Climate change is a big issue for many cities. We can start with fertilizers. Our home has been organic for 20 years. The run off alone from fertilizers creeps up in all our water ways and drains. Education on organic fertilizers is important. Nitrogen pollute many waters and drain offs. Then is the issue with power. There is a rise of population in every city that add to the need as well for electricity. Offering a grant program for solar panels to residents and businesses. Public transportation as well such as busses cuts down on nitrogen dioxide, hydrocarbons that pollute. We need public transportation in Merriam. Green streets. Natural engineered methods for controlling storm water that would otherwise gather pollutants that rush from hard Street surfaces into storm drains and local waterways. It absorbs carbon dioxide and cool surroundings areas. I would suggest our city officials to visit Greensburg, Kansas. They did a remarkable job rebuilding a green city. 100 perfect renewable energy. The City of Merriam is adding a Green Team. I am also wanting to start a Garden Club in Merriam in February. The garden club will be full of information on going green and education with guest speakers.

Ward 4

Staci Chivetta

Merriam is a member of the Metro KC Climate Action Coalition and I support all that we can do as a city to make our region more sustainable. I believe with using our resources and the Climate Plan that MKCAC has put together, we should be able to help prepare our neighborhoods for the issues that are being caused by climate change. We just need to get started as soon as possible and make this a priority in our city.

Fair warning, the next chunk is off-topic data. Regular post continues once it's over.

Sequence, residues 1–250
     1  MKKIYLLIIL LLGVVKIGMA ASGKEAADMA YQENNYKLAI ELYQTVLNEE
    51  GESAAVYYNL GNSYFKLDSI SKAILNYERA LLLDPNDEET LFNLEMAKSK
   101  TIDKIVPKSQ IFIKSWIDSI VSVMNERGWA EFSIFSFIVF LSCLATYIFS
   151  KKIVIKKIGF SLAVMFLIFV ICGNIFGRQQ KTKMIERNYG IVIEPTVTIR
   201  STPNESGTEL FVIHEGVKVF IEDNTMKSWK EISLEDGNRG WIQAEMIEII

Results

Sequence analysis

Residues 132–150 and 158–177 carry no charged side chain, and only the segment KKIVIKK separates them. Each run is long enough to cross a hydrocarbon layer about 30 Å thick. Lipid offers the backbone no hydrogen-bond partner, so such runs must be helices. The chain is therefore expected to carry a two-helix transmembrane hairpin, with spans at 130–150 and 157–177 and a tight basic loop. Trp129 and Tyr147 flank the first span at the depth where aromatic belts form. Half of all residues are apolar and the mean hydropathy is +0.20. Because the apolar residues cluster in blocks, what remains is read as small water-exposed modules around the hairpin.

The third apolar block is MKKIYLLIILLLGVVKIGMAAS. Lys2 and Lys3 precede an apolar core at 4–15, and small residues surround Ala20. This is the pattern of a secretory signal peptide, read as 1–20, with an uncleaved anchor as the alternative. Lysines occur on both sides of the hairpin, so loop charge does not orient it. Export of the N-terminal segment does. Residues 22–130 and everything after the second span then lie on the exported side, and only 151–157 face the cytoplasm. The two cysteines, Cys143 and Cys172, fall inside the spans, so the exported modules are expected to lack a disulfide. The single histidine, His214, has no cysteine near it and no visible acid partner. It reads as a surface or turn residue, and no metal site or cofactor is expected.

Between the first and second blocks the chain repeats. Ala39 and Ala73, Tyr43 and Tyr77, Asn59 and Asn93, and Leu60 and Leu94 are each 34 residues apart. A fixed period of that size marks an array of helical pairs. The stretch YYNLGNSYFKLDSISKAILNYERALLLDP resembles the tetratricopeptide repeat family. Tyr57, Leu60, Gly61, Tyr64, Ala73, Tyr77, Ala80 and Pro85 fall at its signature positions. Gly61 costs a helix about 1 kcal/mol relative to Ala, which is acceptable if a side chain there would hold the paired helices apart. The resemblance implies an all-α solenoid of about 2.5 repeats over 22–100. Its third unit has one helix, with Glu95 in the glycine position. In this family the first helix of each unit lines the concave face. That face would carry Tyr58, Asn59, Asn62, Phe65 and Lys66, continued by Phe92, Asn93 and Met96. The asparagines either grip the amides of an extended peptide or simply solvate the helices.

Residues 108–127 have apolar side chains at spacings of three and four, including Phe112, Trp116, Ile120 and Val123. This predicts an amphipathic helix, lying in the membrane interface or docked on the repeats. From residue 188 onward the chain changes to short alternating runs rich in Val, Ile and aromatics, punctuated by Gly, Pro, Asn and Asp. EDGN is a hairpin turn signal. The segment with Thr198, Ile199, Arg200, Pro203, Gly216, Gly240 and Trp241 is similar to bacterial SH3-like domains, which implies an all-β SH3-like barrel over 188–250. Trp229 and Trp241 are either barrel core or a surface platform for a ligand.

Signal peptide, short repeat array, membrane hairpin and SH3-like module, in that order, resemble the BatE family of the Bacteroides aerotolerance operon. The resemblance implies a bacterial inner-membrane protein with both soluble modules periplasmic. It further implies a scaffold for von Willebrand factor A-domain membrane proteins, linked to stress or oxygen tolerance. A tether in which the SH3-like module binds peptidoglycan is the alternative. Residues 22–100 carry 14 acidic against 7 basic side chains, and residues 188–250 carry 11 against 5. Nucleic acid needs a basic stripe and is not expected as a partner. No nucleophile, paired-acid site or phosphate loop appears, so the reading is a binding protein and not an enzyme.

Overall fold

David Neal (incumbent)

During my current term, I have strongly advocated for improvements to our stormwater handling in vulnerable neighborhoods and I will continue to support additional efforts. We should shortly be receiving an engineering study on options for addressing stormwater management problems in the West Vernon Place neighborhood. My Council partner Bob Pape and I had to fight hard to get the ball rolling on this important matter. The original development design was inadequate in terms of storm sewers. In one area there is even runoff from the city right-of-way onto private property during heavy rains. Hopefully the engineering study will point the way to alleviate some of these runoff problems during our now more frequent heavy rain events. I favor a proactive investment in stormwater management by the City.

I also have been taking a close look at the practice of granting “detention waivers” for new developments which should only be granted in cases where the re-development results in no additional runoff into Turkey or Quail Creeks. I would favor looking into the feasibility of actually voluntarily increasing the detention capacity requirements for new projects that the city partially funds through Tax Increment Financing (TIF).

I have also been a strong supporter of recent efforts that the City has taken to promote sustainable energy including rooftop solar. I would like to see the city plant additional trees on city property and right of ways to naturally increase the carbon capture of our city. I voted for a proposal that enabled the City to now buy its electricity from wind generation farms in Kansas. I favor locating auto charging stations in Merriam. Generally I am a strong supporter of green energy and green building. I will vote to encourage such practices when feasible.

On Friday, We’ll publish candidates’ responses to the following question:

Earlier this year, Merriam received pushback on an ordinance prohibiting people from standing in medians at nine intersections. Critics say this is an attempt to limit panhandling, and the American Civil Liberties Union of Kansas (ACLU) and National Homelessness Law Center sent a four-page letter to the city about the ordinance being
unconstitutional. Would you have supported (or did you support) the ordinance? Why or why not?